11:32 am - Monday May 28, 2012

State’s Wildlife Management A Sham


Wildlife ManagementWhen it comes to wildlife management in New Jersey, there is nothing democratic about the process at all.

The issue of the composition of the Fish and Game Council, mandated by state statues back in 1940, has been the topic of discussion in newspaper articles for several years now. Does this body wield too much power?

As an agency in, but not of, the Department Of Environmental Protection, this 11-member body ( now only represented by eight members ) once autonomous, is charged with the responsibility of setting the state’s game code, regulations, seasons, bag limits, etc. and serves by appointment and at the pleasure of the governor. When the public opposes a recommendation of this council in overwhelming percentages by means of a public comment period, such as the ever-controversial bear hunt, they respond with “the decisions of this council are not contingent on public opinions.” In other words ignorance of the public, to fulfill its mandated purpose of supplying sufficient game for sport and recreational hunting enthusiasts. Therefore, the public comment period, required by law, is nothing more than a farce designed to appease the general public.

As stakeholders of every species of wildlife found in the state, as well as taxpayers, why does the general public not have an equal representation on wildlife management issues? Since the retirement of Jack Schrier, has there even been a public liaison council member on the council? Why are we subjected to the finality of decisions rendered by this council, especially where overwhelming opposition may apply. I fail to see the democracy of this “setup.”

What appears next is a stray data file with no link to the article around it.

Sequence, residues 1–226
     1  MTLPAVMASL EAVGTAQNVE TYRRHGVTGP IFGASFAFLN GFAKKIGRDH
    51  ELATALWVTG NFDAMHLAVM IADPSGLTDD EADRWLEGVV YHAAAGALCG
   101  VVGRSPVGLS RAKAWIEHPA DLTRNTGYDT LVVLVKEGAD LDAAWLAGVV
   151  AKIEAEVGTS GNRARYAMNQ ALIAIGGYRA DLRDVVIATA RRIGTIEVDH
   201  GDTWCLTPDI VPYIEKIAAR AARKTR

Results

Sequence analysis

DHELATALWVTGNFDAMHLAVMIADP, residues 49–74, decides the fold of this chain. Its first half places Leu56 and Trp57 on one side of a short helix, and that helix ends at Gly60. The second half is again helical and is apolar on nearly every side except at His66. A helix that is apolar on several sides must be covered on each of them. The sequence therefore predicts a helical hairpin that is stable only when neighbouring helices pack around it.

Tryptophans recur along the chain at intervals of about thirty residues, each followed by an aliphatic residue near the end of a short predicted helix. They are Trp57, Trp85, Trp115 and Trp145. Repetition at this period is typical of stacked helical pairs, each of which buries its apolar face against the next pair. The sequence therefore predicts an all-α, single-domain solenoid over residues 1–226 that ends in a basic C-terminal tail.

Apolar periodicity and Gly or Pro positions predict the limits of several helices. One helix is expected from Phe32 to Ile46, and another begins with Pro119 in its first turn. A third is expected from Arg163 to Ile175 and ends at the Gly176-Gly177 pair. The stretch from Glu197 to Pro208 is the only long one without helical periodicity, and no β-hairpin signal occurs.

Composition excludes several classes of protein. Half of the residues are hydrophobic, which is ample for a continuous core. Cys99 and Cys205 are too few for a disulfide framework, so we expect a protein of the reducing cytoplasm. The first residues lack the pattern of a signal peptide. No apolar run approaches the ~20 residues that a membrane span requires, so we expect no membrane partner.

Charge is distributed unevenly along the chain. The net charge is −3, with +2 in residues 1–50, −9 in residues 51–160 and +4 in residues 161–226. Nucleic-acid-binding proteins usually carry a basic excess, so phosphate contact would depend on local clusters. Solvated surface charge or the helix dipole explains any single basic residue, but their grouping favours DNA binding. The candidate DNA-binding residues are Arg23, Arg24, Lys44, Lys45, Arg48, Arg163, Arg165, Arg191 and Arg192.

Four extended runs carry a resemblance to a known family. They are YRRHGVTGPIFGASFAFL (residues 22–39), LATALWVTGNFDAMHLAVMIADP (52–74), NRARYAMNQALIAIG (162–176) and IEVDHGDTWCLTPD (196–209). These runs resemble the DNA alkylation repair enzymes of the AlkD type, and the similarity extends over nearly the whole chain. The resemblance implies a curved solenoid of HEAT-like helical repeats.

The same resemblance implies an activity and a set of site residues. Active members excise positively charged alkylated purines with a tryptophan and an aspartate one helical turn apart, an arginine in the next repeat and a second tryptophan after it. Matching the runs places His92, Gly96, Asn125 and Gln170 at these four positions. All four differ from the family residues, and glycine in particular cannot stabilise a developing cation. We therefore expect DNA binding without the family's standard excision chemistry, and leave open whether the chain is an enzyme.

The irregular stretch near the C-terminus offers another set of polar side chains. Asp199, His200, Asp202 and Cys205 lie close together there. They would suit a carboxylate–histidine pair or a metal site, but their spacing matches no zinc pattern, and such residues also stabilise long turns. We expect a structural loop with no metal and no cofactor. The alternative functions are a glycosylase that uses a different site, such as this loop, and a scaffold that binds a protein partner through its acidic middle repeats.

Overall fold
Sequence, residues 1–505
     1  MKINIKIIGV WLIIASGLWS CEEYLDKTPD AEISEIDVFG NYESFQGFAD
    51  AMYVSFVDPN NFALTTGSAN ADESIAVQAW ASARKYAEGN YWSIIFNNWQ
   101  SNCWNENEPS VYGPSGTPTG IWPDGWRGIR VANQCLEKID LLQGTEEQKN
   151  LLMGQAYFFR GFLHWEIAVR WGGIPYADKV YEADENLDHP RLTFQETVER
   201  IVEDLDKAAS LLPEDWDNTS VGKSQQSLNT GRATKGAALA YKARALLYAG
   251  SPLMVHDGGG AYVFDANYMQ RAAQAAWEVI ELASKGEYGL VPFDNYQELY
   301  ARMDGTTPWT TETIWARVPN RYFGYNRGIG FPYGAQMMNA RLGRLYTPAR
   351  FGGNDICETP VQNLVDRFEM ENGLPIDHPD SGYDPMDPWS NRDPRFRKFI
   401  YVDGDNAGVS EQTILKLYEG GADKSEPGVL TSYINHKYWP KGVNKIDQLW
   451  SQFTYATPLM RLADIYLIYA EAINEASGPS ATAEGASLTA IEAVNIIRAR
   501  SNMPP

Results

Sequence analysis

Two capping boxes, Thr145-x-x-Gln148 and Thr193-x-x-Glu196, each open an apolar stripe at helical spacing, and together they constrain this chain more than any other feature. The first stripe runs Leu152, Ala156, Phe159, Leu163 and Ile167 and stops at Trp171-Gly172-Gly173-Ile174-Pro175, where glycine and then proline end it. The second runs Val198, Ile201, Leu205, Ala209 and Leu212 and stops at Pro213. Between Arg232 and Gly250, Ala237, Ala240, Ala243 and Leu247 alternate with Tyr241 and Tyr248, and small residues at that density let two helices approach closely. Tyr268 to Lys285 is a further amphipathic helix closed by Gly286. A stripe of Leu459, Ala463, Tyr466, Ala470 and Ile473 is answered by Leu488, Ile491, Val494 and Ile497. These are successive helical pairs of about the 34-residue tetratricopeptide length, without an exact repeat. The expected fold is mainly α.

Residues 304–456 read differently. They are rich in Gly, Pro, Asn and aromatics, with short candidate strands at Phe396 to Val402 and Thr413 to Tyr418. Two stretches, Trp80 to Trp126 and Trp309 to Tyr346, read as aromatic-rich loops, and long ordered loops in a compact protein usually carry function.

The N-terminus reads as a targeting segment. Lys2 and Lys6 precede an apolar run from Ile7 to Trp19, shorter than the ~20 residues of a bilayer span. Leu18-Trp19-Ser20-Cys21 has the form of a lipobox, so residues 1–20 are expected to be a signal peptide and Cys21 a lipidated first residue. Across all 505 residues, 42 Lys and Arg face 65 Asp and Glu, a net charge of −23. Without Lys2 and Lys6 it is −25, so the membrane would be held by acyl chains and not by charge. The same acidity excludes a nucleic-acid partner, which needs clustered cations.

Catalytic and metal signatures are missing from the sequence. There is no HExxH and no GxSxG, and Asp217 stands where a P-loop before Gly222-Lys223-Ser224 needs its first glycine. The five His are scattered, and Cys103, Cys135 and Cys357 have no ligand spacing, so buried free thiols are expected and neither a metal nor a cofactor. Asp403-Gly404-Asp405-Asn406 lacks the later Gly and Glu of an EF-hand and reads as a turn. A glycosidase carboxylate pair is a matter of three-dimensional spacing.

Working in conjunction with the state agency, the Division of Fish and Wildlife, with final approval of decisions left to the commissioner of the Department Of Environmental Protection, these agencies consistently represent their revenue base, hunting and angling enthusiasts, and sportsmen’s organizations, which ironically, make up a small percentage of New Jersey’s population, while completely overlooking the democratic process of government to the remaining citizens. And we allow this to continue.

With the legislative members of New Jersey government refusing to review the archaic statues of 72 years ago, there is little hope that the “stakeholders” of New Jersey’s wildlife will ever have a voice in the management of same.

With the hunts of 2010 and 2011, vehicle encounters, Category One euthanizations, depredation permit shootings and poaching taking the lives of an estimated 1,600 bears (another hunt scheduled for 2012), with a very small percentage of them being nuisance bears, were innocent bears traded off for political campaign votes?

You betcha. Thank God for democracy in government.

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